Community-impact ingenuity shines at South Island challenge

Peter B. Gustavson School of Business

- Mackenzie Ford

The winning Gustavson team—Lug—at the Future Innovator Challenge. Photo: Island Savings

Three teams of Gustavson students sweep regional competition’s post-secondary category

On Jan. 13, the South Island Prosperity Project (SIPP) hosted the Future Innovator Challenge, a competition for the region’s high school and post-secondary students. SIPP’s intent with this challenge: to engage young innovators in helping to improve the quality of life for citizens of the region. Run for the first time this year, the challenge saw a high degree of involvement from the Greater Victoria community, receiving over 80 proposals from local high schools and post-secondary schools including Camosun, Royal Roads and UVic. 

The top three prizes in the two age groups came with seed funding of $1,500, $750, or $500, offering a substantial reward to teams who could present the most innovative solution for one of the following themes: transportation and mobility, housing and affordability, economic resilience and inclusion, environmental health, and human health and wellness. 

“If you look at the region’s most pressing issues, some of them are very big, macro issues that require innovative thinking,” says Dallas Gislason, Director of Economic Development at SIPP. Instead of seeking the “magic bullet” for these enormous issues, Gislason and SIPP believe that the power of this challenge lies in the conversation and involvement it inspires. “The biggest success is gaining interest and engagement on these problems and getting people to approach them with passion and their own life experience.” 

Student teams from UVic’s Gustavson School of Business swept the competition, taking the top three spots of the post-secondary category. Their creative thinking and entrepreneurial spirit were on display throughout the event, which is perhaps not too surprising given the school’s focus on developing innovative and socially responsible leaders.

Landing at the top of the podium were Gustavson students Audrey Wright, Cyrus Lee, Josh Desrochers, Magnus Kristensen, Tyler Arseneault and their product Lug, a person-to-person delivery service that connects community members, thus eliminating excess shipping waste and saving costs. One can browse local “for sale” sites and connect with community members heading to their destination that can pick up an extra item along the way. “I first came up with the idea for Lug in my ENT 100 course,” says Derochers. “I was looking on Kijiji for used furniture and was disappointed when I found the perfect piece at the right price, but a two-hour drive away. With no means of picking it up myself or having it shipped at a low cost, I had to let it go.” Months later, Derochers and his team channelled their own experiences to create this innovative and sustainable delivery solution, ultimately winning them the competition.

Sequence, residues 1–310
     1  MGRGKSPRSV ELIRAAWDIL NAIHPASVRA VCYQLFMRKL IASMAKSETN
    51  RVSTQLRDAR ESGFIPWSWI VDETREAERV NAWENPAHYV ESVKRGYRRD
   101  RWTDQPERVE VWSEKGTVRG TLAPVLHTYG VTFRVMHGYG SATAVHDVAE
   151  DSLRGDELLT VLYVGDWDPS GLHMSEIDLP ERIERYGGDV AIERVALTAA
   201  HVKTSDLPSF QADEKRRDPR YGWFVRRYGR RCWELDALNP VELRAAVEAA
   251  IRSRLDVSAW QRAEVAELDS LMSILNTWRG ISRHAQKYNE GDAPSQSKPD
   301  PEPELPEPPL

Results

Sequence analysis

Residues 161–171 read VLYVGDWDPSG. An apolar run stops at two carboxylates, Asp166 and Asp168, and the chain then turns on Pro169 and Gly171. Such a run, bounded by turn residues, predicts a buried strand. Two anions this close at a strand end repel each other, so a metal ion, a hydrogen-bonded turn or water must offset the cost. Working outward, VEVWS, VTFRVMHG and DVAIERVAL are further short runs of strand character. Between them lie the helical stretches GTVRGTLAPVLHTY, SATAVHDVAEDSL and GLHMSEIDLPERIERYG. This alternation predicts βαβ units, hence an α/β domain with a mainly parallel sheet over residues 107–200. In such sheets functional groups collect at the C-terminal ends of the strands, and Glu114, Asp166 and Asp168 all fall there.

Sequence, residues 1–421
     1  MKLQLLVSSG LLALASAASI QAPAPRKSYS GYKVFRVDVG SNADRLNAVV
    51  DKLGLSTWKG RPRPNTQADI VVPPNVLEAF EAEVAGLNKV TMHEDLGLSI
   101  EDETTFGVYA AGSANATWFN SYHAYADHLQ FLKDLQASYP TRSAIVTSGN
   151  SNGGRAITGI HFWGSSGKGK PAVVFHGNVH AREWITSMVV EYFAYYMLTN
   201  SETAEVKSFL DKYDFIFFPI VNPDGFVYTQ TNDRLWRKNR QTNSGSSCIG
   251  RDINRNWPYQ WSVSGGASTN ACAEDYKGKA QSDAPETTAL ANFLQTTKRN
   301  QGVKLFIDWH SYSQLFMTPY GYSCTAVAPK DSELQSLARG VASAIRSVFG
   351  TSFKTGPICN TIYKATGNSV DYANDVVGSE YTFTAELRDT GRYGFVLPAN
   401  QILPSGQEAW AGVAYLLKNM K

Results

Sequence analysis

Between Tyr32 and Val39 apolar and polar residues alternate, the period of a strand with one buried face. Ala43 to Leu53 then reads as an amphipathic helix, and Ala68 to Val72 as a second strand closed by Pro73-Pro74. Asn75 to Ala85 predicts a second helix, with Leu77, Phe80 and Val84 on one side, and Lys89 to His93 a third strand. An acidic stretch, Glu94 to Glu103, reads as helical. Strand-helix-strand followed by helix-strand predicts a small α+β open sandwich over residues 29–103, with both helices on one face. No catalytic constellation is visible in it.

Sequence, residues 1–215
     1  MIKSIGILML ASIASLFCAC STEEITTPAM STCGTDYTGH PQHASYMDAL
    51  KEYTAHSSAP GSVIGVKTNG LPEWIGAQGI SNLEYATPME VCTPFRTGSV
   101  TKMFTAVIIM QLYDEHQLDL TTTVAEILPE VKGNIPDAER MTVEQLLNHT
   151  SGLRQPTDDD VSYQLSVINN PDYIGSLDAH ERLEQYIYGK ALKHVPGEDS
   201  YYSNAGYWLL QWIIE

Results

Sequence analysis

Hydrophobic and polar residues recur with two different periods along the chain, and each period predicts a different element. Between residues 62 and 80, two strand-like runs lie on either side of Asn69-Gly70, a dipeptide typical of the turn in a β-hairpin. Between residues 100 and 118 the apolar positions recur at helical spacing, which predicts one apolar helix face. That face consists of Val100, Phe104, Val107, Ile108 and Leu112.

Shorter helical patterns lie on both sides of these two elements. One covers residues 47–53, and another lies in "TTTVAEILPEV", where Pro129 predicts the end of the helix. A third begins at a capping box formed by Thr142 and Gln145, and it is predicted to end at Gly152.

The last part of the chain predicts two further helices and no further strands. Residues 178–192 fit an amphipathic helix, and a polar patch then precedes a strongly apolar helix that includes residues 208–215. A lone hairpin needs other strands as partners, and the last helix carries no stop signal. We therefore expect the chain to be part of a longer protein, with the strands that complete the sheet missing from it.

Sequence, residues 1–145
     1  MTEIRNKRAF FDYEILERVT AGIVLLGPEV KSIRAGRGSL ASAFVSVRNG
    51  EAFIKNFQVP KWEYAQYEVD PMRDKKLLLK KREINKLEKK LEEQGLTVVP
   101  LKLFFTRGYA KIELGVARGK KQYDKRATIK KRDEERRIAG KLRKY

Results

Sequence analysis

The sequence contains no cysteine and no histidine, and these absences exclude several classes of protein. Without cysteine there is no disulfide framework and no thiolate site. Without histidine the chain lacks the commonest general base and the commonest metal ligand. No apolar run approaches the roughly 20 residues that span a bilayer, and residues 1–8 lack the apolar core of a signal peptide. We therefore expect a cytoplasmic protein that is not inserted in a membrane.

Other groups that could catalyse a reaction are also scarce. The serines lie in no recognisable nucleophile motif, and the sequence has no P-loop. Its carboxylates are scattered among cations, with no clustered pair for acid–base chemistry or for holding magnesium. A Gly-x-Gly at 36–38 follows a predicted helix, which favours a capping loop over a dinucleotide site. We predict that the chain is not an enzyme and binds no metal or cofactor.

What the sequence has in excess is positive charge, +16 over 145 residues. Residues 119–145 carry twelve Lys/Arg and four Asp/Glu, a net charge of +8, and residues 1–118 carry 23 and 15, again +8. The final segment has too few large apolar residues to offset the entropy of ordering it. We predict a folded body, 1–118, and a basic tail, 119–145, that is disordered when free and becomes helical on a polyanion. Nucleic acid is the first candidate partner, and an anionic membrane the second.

Taking second and third place were Gustavson students Jarl Whist, Sophie Eckard, Ian McGavin, Sydney Blackwell, Juan Castillo with SharedSpaces, a website to connect students with vacant properties in the region’s rental market; and Clio Hofler, Gavin Kratz, Alex Sawers, Annie Washington and Ian Zhong with their idea Victoria Connect, a platform connecting the region’s non-profit organizations. 

When asked about Gustavson’s strong performance, Stacey Fitzsimmons, a Gustavson professor of international business, touched on the school’s holistic approach.

“The winners excelled at both the practical proposals and the analysis of human behaviour,” says Fitzsimmons. “Often people look at problems related to technology and data as purely technical problems, with purely technical solutions.” Instead the Gustavson students looked at how they could apply the data they analyzed to help real people and real communities.  “Our students looked at the challenge with a different perspective—that’s what gave them an advantage,” says Fitzsimmons. 

Although Gustavson students placed highly at the competition, it was apparent that each student was passionate about their idea—they were not there simply to win. “Participating in the Future Innovator Challenge taught me that solving local issues is the basis of creating a sustainable world around us,” said third-year BCom student Alex Sawers, a Victoria Connect team member. “Innovation starts with understanding your local surroundings and where change can occur. Being able to improve our community is the start towards a more sustainable path for everyone, and the Future Innovators Challenge provides students with the platform to make a difference.”


In this story

Keywords: entrepreneurship, community, business

Publication: The Ring

Related stories